Signing betrayal, anti-patriotism, denial, and racism
semiotics, n. also called semiotic studies or semiology, is the study of sign processes (semiosis), or signification and communication, signs and symbols, both individually and grouped into sign systems. It includes the study of how meaning is constructed and understood.
James Carville, Stan Greenberg and Karl Agne of Democracy Corps did a study of a group of GOPers in an effort to find out what makes them tick, and why they would support policies that are, after all, inimical to their own well-being. Opposition to minimum wage laws, health care reform, and efforts to control global climate change comes to mind.
…These base Republican voters dislike Barack Obama to be sure – which is not very surprising as base Democrats had few positive things to say about George Bush – but these voters identify themselves as part of a ‘mocked’ minority with a set of shared beliefs and knowledge, and commitment to oppose Obama that sets them apart from the majority in the country. They believe Obama is ruthlessly advancing a ‘secret agenda’ to bankrupt the United States and dramatically expand government control to an extent nothing short of socialism. While these voters are disdainful of a Republican Party they view to have failed in its mission, they overwhelmingly view a successful Obama presidency as the destruction of this country’s founding principles and are committed to seeing the president fail.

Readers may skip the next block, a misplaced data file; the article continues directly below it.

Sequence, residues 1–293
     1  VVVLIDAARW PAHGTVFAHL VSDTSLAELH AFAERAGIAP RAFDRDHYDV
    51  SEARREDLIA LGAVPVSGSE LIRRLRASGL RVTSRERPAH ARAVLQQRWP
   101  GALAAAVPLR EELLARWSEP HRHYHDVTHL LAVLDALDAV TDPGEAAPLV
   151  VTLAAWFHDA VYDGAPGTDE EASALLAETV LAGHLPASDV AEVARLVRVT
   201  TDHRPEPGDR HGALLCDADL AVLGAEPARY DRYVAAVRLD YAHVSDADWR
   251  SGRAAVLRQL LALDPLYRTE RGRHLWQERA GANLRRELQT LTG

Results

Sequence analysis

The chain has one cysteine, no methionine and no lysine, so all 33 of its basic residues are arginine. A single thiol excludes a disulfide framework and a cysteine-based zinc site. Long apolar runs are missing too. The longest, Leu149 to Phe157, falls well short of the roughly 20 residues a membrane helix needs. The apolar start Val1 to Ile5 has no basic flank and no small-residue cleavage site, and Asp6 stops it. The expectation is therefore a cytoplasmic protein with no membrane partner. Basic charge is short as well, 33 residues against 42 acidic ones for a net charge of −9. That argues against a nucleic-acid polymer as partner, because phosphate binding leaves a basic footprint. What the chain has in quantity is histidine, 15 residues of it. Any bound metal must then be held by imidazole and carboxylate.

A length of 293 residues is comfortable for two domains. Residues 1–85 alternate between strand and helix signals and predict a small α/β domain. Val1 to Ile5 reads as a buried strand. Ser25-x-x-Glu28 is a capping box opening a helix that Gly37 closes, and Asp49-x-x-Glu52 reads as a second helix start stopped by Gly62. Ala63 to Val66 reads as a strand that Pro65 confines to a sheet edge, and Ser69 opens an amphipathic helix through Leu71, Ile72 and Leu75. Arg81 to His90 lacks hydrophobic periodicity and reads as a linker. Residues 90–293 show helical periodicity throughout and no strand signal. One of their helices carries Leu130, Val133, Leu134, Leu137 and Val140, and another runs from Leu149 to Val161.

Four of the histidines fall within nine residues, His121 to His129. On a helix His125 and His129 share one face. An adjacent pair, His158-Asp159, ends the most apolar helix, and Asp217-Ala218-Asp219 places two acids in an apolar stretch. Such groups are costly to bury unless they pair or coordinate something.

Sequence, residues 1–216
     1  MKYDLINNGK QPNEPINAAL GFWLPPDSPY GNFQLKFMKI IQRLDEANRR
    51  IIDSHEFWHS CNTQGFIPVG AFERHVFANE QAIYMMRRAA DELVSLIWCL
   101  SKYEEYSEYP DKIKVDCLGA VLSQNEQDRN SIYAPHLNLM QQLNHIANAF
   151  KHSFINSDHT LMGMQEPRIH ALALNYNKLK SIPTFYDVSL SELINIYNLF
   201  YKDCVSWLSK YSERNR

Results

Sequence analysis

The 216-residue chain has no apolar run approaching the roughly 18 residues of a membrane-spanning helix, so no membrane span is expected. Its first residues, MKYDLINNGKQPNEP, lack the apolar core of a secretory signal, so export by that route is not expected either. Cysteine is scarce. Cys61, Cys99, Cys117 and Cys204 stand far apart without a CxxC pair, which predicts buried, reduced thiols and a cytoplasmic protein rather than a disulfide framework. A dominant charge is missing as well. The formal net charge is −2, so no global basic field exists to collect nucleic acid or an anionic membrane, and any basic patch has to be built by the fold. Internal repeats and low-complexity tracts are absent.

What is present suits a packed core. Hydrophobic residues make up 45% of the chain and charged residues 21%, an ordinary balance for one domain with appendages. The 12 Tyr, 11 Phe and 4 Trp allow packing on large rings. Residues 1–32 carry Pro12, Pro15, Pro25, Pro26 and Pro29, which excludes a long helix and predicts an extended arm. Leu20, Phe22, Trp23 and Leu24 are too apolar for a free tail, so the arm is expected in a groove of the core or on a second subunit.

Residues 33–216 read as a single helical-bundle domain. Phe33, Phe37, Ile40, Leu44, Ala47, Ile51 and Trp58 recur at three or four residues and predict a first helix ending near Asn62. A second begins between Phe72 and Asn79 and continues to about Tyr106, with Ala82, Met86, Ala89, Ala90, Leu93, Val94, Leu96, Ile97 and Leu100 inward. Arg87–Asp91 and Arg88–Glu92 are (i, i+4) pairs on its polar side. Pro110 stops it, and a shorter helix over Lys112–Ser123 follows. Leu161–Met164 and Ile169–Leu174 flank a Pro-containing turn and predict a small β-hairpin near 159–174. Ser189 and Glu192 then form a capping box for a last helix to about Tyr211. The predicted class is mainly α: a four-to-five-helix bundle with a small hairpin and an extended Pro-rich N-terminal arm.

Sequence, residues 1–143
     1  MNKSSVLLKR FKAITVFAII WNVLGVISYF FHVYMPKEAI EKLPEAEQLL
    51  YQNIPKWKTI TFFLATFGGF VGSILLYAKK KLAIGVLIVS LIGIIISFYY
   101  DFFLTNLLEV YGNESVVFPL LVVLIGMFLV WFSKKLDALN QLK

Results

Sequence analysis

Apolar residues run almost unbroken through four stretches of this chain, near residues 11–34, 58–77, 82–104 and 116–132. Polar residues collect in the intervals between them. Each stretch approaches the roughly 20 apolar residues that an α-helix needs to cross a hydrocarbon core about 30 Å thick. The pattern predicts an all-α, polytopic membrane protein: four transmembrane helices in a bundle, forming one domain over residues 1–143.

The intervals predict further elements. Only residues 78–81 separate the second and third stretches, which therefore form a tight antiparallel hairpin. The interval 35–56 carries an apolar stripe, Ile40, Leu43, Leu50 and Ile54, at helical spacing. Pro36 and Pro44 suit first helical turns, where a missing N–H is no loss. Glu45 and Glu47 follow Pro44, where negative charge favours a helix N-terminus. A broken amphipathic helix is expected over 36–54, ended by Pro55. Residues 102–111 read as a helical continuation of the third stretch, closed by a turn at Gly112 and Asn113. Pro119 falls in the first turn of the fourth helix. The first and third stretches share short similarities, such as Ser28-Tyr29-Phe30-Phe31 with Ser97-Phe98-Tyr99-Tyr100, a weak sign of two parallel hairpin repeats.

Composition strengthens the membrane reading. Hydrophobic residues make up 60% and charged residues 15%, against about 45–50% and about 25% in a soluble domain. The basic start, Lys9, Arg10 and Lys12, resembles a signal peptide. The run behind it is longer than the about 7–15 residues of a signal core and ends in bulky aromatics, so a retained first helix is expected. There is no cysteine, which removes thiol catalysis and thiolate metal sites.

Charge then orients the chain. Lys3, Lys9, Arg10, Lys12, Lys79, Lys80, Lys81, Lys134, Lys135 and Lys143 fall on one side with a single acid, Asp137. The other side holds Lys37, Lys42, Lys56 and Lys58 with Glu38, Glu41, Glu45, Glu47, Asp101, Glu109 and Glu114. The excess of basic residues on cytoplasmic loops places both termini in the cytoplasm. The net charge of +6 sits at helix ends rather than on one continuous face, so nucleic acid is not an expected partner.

It would seem the Rethuglican Propaganda Machine (RPM) is working. By casting President Obama as an ominous Manchurian Candidate with a secret agenda to bankrupt America and institute a socialist-fascist-commie regime (all interchangeable terms in the minds of the GOPers), the RPM is going straight for the limbic. That they are succeeding in attaching real economic fears and anxieties to a just say no to everything political agenda is the realization of Rush Limpbot’s dream of seeing Obama’s presidency fail, which I think traditional conservatives would have seen as decidedly anti-American.
(Cognitively speaking, it is easier to just say no and to accept its neurological cousin, denial, than it is to consider any kind of change, especially for authoritarian conservative types.)
As for the political dimension itself, it’s what former Minn. Congressman Vin Weber told The NY Times:
“I just don’t think that there’s a downside to voting no — I really don’t, that’s quite aside from whether you should or shouldn’t, or whether the country needs it or doesn’t need it. The basic rule is you rarely pay a price at the polls for being against something.
Republican incumbents “have far more to lose,” he said, “by having the Republican base conclude that they’re just throwing in the towel and compromising on a big-government agenda.”
Too bad the GOP doesn’t have a soul to lose as well. If it did, I’d find this quote of The Master instructive:
What does it profit a man to gain the whole world and lose his own soul?